OCEAN CITY – There were some notable occurrences in local government this week and here’s a snapshot of some of those that may have otherwise fallen under the radar from the week’s top stories.
Small Wind Turbines Voted To Become City Ordinance
After months of talking and tweaking, residents and business owners will be permitted to install small wind turbines on their properties, after the City Council voted unanimously to allow them for accessory usage in Ocean City on Tuesday. The issue will now go to the required first reading to make it a city ordinance.
Though the energy saving turbines will be allowed in Ocean City, there may only be a small percentage of people that will be able to attain the numerous rules and setback regulations that the town has instilled. Free-standing turbines must be placed 1.1 times the total height of the turbine back from the property line, and must be kept in the manufacturer’s default color, and not exceed kilowattage power of 100 per hour. Price could also be a factor, despite the proven savings in utility costs. It has been estimated that small wind turbine owners would see their initial investment for installation “paid back” within five to seven years, and could save roughly a third of their utility bill each month. The initial cost however, according to Finn McCabe, representative of the Delaware-based alternative energy company Flexera, could roughly total $35,000.
More than likely, rooftop turbines are what will be seen in Ocean City, due to the urbanized setting of the Ocean City grid.
“I encourage anyone that can do this, to do it. The time is now to utilize this new technology to save on energy costs,” said Councilman Lloyd Martin.
The decision could affect things in government as well, as City Manager Dennis Dare cited that wind turbines would be looked into as one of the city’s cost cutting measures in the future.
Resort Looking To Lock
In Low Energy Price
City Engineer Terry McGean said that usually he would not ask this far in advance to re-bid the current contract for electrical supply in Ocean City, but asked the council for the leeway to do so, citing the low market price for energy as the main reason to renegotiate the current electrical supply contract with Direct Energy, which runs until June of 2010.
McGean said that Direct Energy would be used to monitor a web-based “reverse auction” of sorts, which would enable the town to monitor the fluctuating prices of energy and lock in at a low price for the future.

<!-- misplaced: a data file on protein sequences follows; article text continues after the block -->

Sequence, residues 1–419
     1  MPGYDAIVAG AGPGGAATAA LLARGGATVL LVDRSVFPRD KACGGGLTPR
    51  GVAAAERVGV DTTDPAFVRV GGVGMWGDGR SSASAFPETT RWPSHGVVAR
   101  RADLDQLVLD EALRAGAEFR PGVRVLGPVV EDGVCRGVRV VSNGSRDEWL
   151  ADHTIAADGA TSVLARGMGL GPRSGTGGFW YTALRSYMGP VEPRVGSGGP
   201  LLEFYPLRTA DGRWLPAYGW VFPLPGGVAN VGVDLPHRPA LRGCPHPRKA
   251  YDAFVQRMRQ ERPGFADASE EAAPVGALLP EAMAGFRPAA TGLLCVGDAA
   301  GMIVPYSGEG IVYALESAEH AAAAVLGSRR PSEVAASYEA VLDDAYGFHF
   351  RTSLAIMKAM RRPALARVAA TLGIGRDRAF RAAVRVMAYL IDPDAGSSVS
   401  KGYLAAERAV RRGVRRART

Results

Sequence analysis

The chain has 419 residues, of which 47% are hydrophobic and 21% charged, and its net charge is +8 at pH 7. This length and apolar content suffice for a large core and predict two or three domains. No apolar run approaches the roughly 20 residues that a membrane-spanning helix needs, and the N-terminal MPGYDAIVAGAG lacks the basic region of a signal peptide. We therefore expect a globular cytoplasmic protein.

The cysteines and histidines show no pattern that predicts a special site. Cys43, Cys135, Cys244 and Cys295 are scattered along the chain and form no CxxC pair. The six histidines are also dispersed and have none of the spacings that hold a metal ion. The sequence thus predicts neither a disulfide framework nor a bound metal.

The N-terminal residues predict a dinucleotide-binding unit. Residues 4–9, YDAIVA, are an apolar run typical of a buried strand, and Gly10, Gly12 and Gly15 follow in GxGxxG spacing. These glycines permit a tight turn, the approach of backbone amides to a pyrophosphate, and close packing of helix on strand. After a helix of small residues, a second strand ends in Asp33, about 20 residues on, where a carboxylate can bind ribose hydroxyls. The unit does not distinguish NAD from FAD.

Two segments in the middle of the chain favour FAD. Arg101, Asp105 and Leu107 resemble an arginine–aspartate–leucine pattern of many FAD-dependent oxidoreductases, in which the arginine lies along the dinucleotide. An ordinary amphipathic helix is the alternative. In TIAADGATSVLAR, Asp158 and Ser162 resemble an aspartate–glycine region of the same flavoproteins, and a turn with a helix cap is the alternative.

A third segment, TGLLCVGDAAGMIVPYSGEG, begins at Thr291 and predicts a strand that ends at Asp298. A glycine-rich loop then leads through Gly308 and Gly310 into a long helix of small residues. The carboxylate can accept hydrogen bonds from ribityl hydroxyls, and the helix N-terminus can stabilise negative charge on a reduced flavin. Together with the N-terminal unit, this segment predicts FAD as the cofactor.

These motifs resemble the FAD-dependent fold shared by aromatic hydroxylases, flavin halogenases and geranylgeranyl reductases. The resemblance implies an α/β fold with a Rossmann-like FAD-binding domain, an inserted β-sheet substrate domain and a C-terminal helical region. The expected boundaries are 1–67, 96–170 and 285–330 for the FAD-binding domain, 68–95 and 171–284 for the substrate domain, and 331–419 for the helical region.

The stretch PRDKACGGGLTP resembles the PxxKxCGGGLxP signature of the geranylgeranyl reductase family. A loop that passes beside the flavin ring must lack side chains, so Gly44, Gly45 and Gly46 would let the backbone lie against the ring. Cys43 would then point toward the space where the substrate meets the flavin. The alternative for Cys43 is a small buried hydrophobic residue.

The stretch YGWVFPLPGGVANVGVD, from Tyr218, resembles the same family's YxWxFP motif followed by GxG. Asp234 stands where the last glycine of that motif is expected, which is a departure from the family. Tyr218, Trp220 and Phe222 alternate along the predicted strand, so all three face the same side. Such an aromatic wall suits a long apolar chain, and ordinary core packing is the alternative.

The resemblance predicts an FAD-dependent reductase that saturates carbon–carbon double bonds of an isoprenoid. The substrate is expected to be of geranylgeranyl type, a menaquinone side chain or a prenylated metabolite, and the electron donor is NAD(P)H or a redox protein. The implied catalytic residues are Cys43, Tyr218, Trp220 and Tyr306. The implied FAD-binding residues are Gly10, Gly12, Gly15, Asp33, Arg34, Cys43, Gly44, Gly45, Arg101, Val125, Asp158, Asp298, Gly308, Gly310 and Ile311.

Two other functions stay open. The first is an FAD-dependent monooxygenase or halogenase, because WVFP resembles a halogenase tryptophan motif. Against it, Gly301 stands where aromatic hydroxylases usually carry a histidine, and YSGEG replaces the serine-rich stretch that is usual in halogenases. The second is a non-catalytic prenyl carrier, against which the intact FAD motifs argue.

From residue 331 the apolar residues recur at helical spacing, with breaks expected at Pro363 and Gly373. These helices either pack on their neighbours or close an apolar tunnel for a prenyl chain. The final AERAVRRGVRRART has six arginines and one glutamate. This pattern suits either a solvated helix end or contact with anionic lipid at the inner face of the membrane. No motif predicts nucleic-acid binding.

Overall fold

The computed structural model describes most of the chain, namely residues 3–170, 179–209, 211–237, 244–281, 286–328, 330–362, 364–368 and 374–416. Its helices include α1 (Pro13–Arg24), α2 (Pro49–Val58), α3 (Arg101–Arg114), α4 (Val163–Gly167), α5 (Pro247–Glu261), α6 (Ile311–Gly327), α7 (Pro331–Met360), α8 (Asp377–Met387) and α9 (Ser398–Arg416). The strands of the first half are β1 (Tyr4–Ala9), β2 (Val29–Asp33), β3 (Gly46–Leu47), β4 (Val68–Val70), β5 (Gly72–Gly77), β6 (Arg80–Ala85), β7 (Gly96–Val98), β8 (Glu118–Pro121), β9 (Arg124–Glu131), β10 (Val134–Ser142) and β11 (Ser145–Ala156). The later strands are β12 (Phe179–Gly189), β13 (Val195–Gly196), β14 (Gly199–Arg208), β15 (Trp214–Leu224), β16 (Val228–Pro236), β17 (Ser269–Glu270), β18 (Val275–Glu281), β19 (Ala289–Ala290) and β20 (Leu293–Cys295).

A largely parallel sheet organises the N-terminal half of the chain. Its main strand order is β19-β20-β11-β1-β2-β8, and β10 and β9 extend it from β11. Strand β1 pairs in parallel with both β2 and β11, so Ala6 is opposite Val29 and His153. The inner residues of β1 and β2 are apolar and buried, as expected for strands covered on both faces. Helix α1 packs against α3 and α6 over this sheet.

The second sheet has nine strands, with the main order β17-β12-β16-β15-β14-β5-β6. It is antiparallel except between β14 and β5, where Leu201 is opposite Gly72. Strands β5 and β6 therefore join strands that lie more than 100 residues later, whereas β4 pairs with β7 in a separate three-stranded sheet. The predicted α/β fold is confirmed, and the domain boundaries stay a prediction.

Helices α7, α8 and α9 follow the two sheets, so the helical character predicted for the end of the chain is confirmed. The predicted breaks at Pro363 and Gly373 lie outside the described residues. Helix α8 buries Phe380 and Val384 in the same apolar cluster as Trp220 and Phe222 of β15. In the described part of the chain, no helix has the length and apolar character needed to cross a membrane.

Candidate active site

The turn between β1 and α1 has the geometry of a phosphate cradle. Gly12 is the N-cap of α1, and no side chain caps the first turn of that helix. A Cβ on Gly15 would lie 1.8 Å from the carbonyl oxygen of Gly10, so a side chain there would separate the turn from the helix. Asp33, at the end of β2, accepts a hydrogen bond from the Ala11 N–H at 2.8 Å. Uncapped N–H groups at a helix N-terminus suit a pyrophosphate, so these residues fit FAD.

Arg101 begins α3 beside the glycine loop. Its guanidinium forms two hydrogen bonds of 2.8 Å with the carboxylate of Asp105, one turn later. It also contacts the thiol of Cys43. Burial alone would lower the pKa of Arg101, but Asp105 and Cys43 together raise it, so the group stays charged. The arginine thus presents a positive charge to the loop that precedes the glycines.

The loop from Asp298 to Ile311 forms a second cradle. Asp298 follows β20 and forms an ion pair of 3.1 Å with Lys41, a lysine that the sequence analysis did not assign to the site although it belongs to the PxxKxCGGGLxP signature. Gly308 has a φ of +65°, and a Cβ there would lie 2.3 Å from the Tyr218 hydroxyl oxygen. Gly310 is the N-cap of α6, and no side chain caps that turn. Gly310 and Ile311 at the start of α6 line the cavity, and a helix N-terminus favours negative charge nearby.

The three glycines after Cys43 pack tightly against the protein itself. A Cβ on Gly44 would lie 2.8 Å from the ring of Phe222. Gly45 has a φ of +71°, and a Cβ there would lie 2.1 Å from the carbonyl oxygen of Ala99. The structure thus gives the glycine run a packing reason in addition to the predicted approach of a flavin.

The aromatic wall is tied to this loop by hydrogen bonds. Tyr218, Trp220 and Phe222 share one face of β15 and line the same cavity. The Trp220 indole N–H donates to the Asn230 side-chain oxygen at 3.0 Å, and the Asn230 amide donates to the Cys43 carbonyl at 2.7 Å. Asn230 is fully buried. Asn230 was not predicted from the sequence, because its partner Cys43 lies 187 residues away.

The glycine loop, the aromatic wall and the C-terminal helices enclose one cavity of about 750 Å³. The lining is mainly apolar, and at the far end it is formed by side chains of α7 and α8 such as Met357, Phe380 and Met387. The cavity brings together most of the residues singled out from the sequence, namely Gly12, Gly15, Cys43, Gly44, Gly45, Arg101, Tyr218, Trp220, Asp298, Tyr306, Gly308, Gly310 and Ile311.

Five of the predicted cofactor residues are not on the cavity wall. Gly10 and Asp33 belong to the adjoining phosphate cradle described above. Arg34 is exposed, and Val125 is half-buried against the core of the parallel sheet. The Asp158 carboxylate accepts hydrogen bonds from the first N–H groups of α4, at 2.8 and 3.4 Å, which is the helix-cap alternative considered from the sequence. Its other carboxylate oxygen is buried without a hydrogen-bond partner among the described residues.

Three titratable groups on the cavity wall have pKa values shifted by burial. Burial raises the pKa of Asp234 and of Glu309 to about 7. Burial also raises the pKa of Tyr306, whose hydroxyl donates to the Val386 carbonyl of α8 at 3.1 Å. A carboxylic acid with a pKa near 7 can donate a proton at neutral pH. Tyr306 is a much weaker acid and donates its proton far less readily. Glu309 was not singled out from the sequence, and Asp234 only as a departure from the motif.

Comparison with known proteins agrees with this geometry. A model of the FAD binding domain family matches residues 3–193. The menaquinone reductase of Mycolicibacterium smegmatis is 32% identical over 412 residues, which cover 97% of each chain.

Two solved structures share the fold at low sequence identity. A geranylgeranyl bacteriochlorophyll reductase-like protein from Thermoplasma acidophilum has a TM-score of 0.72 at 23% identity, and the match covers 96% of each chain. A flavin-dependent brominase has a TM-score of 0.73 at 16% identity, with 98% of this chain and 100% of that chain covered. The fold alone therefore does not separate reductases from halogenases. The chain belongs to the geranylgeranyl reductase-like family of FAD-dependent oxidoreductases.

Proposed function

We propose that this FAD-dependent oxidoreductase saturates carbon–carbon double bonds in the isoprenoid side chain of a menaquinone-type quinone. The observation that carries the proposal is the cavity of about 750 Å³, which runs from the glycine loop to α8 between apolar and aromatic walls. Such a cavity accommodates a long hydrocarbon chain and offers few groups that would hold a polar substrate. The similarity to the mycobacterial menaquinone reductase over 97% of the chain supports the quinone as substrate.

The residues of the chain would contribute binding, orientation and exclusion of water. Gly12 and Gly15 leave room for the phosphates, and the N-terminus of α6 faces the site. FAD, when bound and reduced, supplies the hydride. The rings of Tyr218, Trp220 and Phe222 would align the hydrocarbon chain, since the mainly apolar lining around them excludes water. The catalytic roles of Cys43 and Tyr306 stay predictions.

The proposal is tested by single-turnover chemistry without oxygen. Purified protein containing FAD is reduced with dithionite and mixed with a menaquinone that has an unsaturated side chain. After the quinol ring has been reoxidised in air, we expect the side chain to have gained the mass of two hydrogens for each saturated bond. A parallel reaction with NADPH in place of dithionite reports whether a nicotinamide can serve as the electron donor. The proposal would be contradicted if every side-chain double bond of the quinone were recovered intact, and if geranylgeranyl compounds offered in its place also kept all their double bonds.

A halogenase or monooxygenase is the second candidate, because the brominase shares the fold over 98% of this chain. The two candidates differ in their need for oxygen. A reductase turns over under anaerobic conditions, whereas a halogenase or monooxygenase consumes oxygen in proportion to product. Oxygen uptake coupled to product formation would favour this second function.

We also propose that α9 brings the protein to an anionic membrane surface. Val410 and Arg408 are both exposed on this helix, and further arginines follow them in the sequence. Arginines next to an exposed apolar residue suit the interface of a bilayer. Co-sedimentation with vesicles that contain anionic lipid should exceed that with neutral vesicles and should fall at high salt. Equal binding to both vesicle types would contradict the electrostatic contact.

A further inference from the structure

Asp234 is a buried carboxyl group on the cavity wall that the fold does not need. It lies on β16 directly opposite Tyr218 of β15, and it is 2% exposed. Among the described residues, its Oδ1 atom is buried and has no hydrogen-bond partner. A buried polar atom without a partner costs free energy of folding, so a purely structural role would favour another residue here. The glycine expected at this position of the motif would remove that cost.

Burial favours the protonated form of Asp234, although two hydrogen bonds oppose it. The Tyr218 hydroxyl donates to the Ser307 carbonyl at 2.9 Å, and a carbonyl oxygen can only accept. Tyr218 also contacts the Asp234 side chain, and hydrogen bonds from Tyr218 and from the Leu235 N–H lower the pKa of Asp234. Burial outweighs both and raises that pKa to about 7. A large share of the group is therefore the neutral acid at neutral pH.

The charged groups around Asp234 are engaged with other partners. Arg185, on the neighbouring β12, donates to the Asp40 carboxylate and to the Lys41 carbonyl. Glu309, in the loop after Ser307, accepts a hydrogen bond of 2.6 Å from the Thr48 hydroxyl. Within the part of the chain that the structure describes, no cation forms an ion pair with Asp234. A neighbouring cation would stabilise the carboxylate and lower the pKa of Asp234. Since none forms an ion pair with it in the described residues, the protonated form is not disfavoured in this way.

Mayor Rick Meehan praised McGean’s work on this issue, citing the “hundreds of thousands of dollars” that this process will save and has saved the town in the past.
“You’ve done a great job on this Terry, and this is like eBay in reverse,” said Meehan.
McGean expects energy prices to stay low for at least the next 45 days and hopes to secure a low-fixed price for energy and bring the proposal back to the Mayor and City Council in the near future.
The council quickly and unanimously approved McGean’s plea.
Rewards Program Started
To Jumpstart Golf Business
At a recent Recreation and Parks meeting, plans were laid out to provide a potential “shot in the arm” to the lagging golf rounds played at the city-owned and operated Eagle’s Landing golf course.
The Local Rewards Program will be available to residents of Worcester, Wicomico, Sussex, and Somerset counties and participants would be given a card that would accrue points with every round played. The program, according to Eagle’s Landing Golf Pro Bob Croll, could bring in $90,000 in revenue and increase rounds played at the course by over 2,000.
Croll also proposed a $2,500 advertising based program called the Golden Eagle Partner Program, which will replace the deleted golf car coupon- advertising program.
Town, Golf Company
Unable To Come To Terms
Ocean City Recreation and Parks Director Tom Shuster was granted permission in December by Mayor and City Council to contact Pam’s Asset Acquisition (formerly known as Pam’s Golf LLC) for a possible partnership for 2009.
Pam’s Golf LLC, as it was formerly known, had a longstanding agreement with the town of Ocean City to book rounds at the Eagle’s Landing Golf Course, but the relationship was terminated in 2007 due to the company going bankrupt. After the company was purchased by River Run Golf Course owner Lew Meltzer shortly after the previous owners filed for bankruptcy, he renamed the company, and Shuster sought out to renew the agreement between the town and the company as a way to jumpstart lagging golf rounds played at the course.
However, it was reported by Shuster at the Recreation and Parks meeting that, “Hunt Crosby of Pam’s Asset Acquistion responded to the town’s request for participation proposal for 2009, but the proposal was not acceptable to the town or Eagle’s Landing Golf Course at this time.”